Turn north onto Rue des Irlandais and then onto chemin des Moulins, under the highway and onto Avenue Pierre-Dupuy. If you can make your way over and behind the Port of Montreal building on your right, you will get a good vantage point to take a picture of the Victoria Bridge. Continue along Avenue Pierre-Dupuy to Habitat 67. You will get a good view of Montreal and the Old Port.

Note of caution: this area includes industrial activity, can include fast traffic on some streets and heavy machinery at times. Always look every way when crossing streets or taking photo’s.

Hydrography map of Montreal Harbour showing Windmill Point, “Emigrant Sheds” and the Victoria Bridge (Admiralty Map, Royal Navy 1858/1860)

Map of Montreal showing Windmill Point and The Irish Monument, which was closer to the Victoria Bridge (Bishop’s New Map 1867)

Map of Montreal showing Windmill Point and The Irish Monument, which was closer to the Victoria Bridge and the green circle shows where Victoriatown stood (Johnstons Complete Map 1872)

Windmill Point

Beginning of the Lachine Canal at Montreal Harbour
opened in 1825 for use

Daniel McAllister tugboat
built in 1907

Abandoned Silo No.5 on Windmill Point
built in 1903 by The Grand Trunk Railway, these silo’s made Montreal the largest grain handling harbour in the world in the 1920’s.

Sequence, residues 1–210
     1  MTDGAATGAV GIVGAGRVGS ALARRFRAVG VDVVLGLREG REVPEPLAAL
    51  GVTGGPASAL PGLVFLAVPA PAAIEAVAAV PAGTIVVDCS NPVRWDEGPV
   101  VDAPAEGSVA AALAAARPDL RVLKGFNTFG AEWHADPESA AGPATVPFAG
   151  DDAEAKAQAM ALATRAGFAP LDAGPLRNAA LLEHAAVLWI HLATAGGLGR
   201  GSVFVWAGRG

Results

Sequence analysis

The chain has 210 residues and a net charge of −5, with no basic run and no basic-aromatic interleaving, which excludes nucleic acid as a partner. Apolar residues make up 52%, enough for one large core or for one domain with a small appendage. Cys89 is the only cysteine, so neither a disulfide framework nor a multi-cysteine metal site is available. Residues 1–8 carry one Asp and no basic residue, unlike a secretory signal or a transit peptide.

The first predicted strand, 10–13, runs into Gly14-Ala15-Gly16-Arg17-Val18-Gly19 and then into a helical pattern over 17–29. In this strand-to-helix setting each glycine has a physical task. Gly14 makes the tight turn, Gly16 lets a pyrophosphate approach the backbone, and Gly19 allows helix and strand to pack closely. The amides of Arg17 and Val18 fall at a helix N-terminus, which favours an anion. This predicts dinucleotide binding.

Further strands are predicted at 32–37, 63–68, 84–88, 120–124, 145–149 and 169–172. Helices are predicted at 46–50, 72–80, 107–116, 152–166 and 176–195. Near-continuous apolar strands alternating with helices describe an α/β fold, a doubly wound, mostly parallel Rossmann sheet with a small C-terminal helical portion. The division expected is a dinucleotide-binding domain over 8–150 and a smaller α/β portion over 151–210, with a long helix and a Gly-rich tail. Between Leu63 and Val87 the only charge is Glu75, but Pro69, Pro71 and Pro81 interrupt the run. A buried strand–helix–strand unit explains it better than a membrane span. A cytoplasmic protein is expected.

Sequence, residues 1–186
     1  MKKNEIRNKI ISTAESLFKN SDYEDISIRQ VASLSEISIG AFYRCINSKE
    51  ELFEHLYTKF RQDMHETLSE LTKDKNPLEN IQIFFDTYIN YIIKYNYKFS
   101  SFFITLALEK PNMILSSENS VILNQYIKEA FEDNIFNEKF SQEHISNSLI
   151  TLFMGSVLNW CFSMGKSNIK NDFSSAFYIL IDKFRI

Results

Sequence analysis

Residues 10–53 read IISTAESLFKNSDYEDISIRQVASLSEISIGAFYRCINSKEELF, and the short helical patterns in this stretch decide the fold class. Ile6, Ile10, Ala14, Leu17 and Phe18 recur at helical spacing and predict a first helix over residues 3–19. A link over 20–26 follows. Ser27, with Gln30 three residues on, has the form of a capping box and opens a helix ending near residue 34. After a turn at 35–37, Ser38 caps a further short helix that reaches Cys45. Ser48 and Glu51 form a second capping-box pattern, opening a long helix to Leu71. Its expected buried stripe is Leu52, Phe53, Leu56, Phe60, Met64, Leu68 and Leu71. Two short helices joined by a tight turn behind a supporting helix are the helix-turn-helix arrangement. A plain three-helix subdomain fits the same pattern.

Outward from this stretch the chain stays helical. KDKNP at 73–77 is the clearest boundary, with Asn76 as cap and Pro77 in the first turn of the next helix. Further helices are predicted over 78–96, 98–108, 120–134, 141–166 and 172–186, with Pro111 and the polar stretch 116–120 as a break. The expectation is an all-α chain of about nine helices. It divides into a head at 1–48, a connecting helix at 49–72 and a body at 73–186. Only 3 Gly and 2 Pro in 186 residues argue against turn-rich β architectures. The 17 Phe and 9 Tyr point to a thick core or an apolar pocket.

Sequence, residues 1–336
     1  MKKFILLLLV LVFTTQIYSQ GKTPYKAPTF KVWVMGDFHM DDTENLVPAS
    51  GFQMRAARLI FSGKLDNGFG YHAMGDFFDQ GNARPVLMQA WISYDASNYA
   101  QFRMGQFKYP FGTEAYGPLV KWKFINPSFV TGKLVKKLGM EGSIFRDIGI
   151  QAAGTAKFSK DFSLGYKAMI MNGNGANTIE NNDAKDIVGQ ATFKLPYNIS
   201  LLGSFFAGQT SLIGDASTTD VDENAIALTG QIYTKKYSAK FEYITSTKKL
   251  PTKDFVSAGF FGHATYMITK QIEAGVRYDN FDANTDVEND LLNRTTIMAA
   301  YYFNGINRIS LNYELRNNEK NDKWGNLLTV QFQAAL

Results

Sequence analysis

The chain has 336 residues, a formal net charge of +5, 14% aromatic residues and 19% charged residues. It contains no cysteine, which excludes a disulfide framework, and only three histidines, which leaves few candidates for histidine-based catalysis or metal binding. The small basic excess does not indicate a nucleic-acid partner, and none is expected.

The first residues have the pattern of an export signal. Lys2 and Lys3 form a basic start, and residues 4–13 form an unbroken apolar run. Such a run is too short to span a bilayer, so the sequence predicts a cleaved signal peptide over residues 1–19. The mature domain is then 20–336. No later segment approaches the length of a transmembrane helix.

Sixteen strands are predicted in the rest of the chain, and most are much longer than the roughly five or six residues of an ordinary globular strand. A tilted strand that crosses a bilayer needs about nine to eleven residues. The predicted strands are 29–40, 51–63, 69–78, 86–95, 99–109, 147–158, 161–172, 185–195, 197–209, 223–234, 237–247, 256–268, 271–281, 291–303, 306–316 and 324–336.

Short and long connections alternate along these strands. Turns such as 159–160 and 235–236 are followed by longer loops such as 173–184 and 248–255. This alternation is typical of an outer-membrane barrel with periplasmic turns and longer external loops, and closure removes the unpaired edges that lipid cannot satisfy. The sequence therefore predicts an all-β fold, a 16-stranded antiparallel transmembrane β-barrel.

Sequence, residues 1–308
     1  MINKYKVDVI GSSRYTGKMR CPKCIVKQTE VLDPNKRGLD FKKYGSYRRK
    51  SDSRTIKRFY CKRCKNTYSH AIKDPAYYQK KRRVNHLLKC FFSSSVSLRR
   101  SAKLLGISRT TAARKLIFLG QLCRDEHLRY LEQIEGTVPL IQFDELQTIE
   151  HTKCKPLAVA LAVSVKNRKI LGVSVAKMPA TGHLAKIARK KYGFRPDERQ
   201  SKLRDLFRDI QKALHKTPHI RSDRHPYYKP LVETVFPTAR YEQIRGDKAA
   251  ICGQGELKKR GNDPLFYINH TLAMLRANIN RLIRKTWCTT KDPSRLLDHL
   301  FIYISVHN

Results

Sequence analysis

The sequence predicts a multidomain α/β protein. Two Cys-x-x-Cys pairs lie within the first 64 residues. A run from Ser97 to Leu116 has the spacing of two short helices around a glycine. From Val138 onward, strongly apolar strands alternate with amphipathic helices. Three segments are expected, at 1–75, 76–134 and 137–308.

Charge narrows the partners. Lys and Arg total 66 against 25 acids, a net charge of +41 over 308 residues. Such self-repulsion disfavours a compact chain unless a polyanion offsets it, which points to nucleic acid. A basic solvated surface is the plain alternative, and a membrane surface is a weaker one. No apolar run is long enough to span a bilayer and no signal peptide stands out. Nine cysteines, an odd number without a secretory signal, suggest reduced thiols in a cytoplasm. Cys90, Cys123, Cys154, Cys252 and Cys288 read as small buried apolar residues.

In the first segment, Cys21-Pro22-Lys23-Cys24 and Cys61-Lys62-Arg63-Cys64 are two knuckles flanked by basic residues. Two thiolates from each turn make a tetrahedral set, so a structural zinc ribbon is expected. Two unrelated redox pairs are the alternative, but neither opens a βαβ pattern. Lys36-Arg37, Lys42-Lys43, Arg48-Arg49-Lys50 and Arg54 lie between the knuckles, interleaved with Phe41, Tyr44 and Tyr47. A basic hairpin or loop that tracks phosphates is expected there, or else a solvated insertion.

Sketch of the windmill at Windmill Point on the cover of Canadian Illustrated News (July 19, 1879)
The windmill also served as a morgue.

On Windmill Point – looking back at the harbour and Old Montreal.
The Windmill would be right at this location

Mill Street- looking west

old Fire Station 21 on Mill Street – built 1912

Five Roses flour building – built 1946

Canada Maltage

Irish Monument Stone, originally in Etienne Cemetery – Bain News Service.

Current location of the Irish Monument Stone – in the middle of a busy road (Bridge Street a.k.a. Rte 112)
Bad choice where to place it, as people cannot get close without putting themselves at risk.

Irish Monument Stone.

Inauguration of stone on December 1, 1859
Montreal Gazette

Article from The Freeman’s Journal (Dublin)
Friday December 30, 1859


Article from The Belfast News Letter (Belfast)
Tuesday January 3, 1860

Irish Monument Stone description.

Victoriatown Memorial.
This memorial stone is the only reference to Victoriatown that we found.

Victoria Bridge Memorial.

Beginning of the Victoria Bridge

Victoria Bridge

Victoria Bridge (1860) – courtesy of The Library of Congress.

The following images are of Victoriatown, photographed in 1963, courtesy of and credit to Archives Montreal.
These are the streets of Forfar, Menai, Conway and Britannia.
You can see in most of the photo’s an archive document card with numbers/letters to archive the photo for reference purposes. The city of Montreal had already passed law to have this neighbourhood destroyed the following year in 1964.

You can see these images and many more at Archives Montreal here:

Habitat 67

Credit to Archives Montreal

There is a painting titled “Le Typhus” (circa 1849) by Theophile Hamel.
It was commissioned by Bishop Bourget to commemorate the epidemic

“Le Typhus” can be found in The Notre-Dame-de-Bon-Secours Chapel (400 St Paul Street East in Old Montreal)
As soon as you enter the front doors, it is directly above you on the ceiling under the choir loft.